Full-text · Article · Dec 2016 · Journal of Environmental Health Science and Engineering
    • "The G band is related to the first-order scattering of the E 2g vibrational mode [52]. The D-band is typically associated with structural defects; thus, the intensity of the D-band can be used to evaluate the degree of disorder: the intensity ratio of the Dand G-bands (I D /I G ) increases with increasing defect density [51,53]. The Raman spectrum of the pristine graphite inFig. "
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    ABSTRACT: Flexible supercapacitors with large power and energy densities, long life cycles and good operational safety are necessary devices for various applications. In this work, we demonstrate the integration of a composite based on graphene nanosheets/multiwalled carbon nanotubes in an in-plane supercapacitor configuration by using a straightforward preparation involving the filtration of nanomaterials to produce an electrode film. Reduced graphene oxide (RGO) received 15 wt % carbon nanotubes to act as a conducting additive, which led to a flexible and transferable thin film (RGO/MW) with an average conductivity of 20.0 S cm-1. Three ionic liquids were tested as electrolytes for the supercapacitor, among which 1-ethyl-3-methylimidazolium bis(trifluoromethylsulfonyl)imide (EMITFSI) was observed to exhibit the best performance. The specific capacitance of the supercapacitor based on RGO/MW-EMITFSI reached 153.7 F g-1 at a current density of 0.2 A g-1 and exhibited a capacitance retention of 88% after 2000 cycles. The maximum energy and power densities were calculated to be 41.3 Wh kg-1 and 3.5 kW kg-1, respectively, for the RGO/MW-EMITFSI supercapacitor.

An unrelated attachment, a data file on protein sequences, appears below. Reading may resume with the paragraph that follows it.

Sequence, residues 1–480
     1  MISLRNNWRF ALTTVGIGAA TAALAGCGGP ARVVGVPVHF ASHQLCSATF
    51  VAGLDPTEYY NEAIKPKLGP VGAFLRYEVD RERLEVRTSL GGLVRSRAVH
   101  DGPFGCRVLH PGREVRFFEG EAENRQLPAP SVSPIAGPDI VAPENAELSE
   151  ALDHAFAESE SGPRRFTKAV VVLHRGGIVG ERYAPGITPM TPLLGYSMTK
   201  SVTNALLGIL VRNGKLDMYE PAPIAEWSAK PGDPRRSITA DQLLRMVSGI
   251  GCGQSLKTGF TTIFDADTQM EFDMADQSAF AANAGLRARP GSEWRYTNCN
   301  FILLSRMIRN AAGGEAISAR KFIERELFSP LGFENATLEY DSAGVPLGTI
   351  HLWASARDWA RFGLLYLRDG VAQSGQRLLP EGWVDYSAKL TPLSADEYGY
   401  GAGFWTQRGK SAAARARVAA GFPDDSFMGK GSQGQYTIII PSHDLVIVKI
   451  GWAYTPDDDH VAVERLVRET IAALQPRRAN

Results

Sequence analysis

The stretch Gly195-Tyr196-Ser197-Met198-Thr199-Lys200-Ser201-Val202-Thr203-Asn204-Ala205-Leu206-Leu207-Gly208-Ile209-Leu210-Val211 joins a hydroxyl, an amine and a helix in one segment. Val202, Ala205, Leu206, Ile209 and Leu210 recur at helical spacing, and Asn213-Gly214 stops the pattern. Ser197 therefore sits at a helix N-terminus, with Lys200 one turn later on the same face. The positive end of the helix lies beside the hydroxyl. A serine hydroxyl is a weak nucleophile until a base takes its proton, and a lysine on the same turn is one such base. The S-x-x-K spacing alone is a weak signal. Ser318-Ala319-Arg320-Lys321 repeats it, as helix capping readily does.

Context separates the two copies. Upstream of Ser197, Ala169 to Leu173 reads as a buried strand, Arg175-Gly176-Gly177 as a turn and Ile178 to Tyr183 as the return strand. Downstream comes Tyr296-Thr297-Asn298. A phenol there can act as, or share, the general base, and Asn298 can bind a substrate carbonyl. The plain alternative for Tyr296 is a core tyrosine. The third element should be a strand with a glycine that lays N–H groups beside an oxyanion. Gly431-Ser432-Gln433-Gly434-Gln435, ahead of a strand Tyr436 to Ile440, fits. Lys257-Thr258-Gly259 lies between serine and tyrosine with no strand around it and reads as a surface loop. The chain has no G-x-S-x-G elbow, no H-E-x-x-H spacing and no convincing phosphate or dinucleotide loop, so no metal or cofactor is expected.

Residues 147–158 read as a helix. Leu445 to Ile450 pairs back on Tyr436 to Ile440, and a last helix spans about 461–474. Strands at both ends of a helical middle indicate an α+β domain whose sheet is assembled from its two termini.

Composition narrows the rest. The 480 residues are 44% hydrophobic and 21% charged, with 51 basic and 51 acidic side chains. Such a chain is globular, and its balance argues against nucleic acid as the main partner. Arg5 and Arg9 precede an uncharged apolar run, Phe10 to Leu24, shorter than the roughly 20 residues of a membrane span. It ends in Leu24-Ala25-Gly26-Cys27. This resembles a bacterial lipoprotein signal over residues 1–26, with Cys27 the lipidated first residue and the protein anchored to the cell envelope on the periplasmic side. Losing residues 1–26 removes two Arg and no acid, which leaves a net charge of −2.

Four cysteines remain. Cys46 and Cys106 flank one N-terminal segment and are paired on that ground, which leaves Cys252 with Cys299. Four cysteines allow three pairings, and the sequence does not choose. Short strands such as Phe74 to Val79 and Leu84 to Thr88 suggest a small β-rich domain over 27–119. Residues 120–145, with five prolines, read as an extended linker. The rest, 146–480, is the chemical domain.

No preview · Article · Nov 2015 · Electrochimica Acta
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    • "(A colour version of this figure can be viewed online.) at 287.2 eV, COOH at 288.6 eV and pep* shake up satellite of the 284.4 eV peak at 289.6 eV [28] [29]. The peak positions along with the relative integrated intensities of various de-convoluted components are shown in Table S1 of Supplementary Information. "
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    ABSTRACT: Large area graphene oxide (GO) monolayer sheets were transferred on Si and SiO 2 /Si substrates by LangmuireBlodgett technique and reduced by heat treatment in the presence of graphite powder, inside an evacuated and sealed enclosure. Reduction at 1000 C results in a decrease of sheet thickness to ~0.5 nm without any morphological changes, and de-oxygenation (O/C ratio 5%) accompanied by enhancement in sp 2-C to 84%. Red-shift of G-peak to ~1585 cm À1 , decrease in I(D)/I(G) ratio and appearance of an intense G 0-peak as a single Lorentzian, are indicative of substantial reduction in defects and restoration of graphitic network. Ultraviolet photoelectron spectroscopy (UPS) studies show large increase in density of states (DOS) in the immediate vicinity of Fermi level and decrease in work function after reduction. Bottom gated field effect transistors fabricated with isolated RGO sheets display ambi-polar behavior, with charge neutrality point at a positive gate voltage, indicating p-type nature, consistent with UPS results. RGO sheets exhibit conductivity of (2e3) Â 10 3 S/cm and field effect mobility of (20e45) cm 2 /Vs, which are substantially higher than the values usually reported for RGO sheets, particularly those obtained by chemical reduction followed by heat treatment.
    Full-text · Article · Sep 2015 · Carbon